FLDIGI Users Manual  3.21
MFSK

Table of Contents

MFSK16 and MFSK8 are multi-frequency shift keyed (MFSK) modes with low symbol rate. A single carrier of constant amplitude is stepped (between 16 or 32 tone frequencies respectively) in a constant phase manner. As a result, no unwanted sidebands are generated, and no special amplifier linearity requirements are necessary. The tones selected are set by the transmitted (4 or 5 bit) bit pattern and a gray-code table.

The mode has full-time Forward Error Correction, so it is very robust. Tuning must be very accurate, and the software will not tolerate differences between transmit and receive frequency. The mode was designed for long path HF DX, and due to its great sensitivity is one of the best for long distance QSOs and skeds. MFSK8 has improved sensitivity, but is very difficult to tune, and suffers more from Doppler. It is useful as the band fades out.

MFSK-32 and MFSK-64 are high baud rate and wide bandwidth modes designed for use on VHF and UHF. These are very useful for send large documents or files when some transmission errors are can be tolerated.

This is an example of properly tuned MFSK16 signal with a s/n of approximately 9 dB.

mfsk-9db.png
MFSK16 signal

The same signal viewed with the waterfall expanded to the x2 factor.

mfsk-9db-x2.png
MFSK16 signal

MFSK Picture Mode

Fldigi can send and receive images using all MFSK baud rates. When operating with other modem programs you should limit sending pictures to the MFSK-16 baud rate. The program can send and receive MFSK images in both black and white and in 24 bit color. The transmission mode for MFSKpic is similar to FAX.

Reception of an MFSKpic transmission is fully automatic. The MFSKpic transmission has a preamble sent which will be visible on the text screen. The preamble reads as "Pic:WWWxHHH;" or "Pic:WWWxHHHC;" for b/w or color respectively. The WWW and HHH are numbers specifying the width and height of the picture in pixels.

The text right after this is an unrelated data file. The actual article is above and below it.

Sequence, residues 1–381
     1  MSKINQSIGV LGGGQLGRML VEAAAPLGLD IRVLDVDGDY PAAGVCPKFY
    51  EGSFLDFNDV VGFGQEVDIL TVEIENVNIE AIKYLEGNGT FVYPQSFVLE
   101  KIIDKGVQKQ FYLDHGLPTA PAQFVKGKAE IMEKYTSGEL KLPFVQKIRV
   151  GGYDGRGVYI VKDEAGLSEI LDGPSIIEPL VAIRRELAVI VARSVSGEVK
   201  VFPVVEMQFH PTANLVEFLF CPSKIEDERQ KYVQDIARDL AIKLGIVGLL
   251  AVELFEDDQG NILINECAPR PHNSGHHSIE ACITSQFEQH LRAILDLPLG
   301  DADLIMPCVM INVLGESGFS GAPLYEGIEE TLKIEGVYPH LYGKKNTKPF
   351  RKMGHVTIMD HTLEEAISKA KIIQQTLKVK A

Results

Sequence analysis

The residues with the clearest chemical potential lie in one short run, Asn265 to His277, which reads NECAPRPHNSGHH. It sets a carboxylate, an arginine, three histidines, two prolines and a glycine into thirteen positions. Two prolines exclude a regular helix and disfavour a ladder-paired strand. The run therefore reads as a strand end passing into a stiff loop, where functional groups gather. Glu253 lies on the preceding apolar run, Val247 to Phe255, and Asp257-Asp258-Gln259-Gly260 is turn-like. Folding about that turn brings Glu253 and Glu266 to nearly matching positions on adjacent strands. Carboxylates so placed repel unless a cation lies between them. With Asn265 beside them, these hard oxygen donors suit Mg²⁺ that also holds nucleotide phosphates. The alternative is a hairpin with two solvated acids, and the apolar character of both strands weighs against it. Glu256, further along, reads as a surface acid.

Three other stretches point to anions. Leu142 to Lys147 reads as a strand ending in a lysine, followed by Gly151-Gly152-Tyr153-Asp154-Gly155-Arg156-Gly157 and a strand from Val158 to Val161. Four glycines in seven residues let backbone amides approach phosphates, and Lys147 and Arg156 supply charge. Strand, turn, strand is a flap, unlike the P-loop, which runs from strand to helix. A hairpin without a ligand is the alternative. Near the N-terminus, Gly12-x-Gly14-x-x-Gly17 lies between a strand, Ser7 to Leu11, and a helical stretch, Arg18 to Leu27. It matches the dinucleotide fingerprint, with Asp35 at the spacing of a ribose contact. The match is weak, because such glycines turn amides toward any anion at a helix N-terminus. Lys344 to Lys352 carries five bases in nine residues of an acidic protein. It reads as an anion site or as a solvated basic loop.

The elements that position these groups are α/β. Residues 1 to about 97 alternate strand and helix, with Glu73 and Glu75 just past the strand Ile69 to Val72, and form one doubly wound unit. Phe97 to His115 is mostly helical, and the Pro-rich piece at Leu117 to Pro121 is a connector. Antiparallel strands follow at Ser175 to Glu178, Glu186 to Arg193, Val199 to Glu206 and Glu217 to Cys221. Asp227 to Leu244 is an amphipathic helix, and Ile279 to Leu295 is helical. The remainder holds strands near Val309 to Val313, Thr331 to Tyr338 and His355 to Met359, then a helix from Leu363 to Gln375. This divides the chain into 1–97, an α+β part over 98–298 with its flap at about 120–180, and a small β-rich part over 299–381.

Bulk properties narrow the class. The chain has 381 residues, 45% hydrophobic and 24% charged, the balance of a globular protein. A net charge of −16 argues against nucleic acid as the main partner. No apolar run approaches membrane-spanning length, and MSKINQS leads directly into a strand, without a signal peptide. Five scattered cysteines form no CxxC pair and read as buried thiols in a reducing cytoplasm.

The successful reception of a MFSKpic is highly dependent on s/n conditions. The data is transmitted as an FM modulated signal and is subject to burst and phase noise on the transmission path. It can provide excellent photo transmission on a really good path.

mfskpix-bee.png
Received MFSK Image

This is an example of a photo received on a bench test. The received image is an exact replica of the transmitted image. The color depth is a full 24 bits.

Images should be carefully selected for size before beginning a transmission. To calculate the transmit time for an image use the following formula:

Time(sec) = W * H / 1000 for black and white

Time(sec) = W * H * 3 / 1000 for color

Where the W and H are the dimensions of the photo in pixels. A 200 x 200 image will take 120 seconds to transmit in color and 40 seconds to transmit in b/w. The symbol rate for this mode is 1000 data bytes per second. The color image consists of 3 bytes; red, blue and green for each pixel.

k0og.jpg
Picture received from K0OG

This is an example of a picture received live on 80 meters (thanks K0OG)

Received images are saved in the default folder $HOME/.fldigi/images (Linux) or <defaultpath>/fldigi.files/images (Windows).

Transmitting an Image

Xmt-Pix.jpg
Xmit Picture Dialog box

You can only transmit an image while in the MFSK-16 mode. The image can be prepared for transmission while in the receive mode. Right click in the transmit text box and select "Send Image" from the popup menu. This will open up the transmit image dialog which will be blank to start.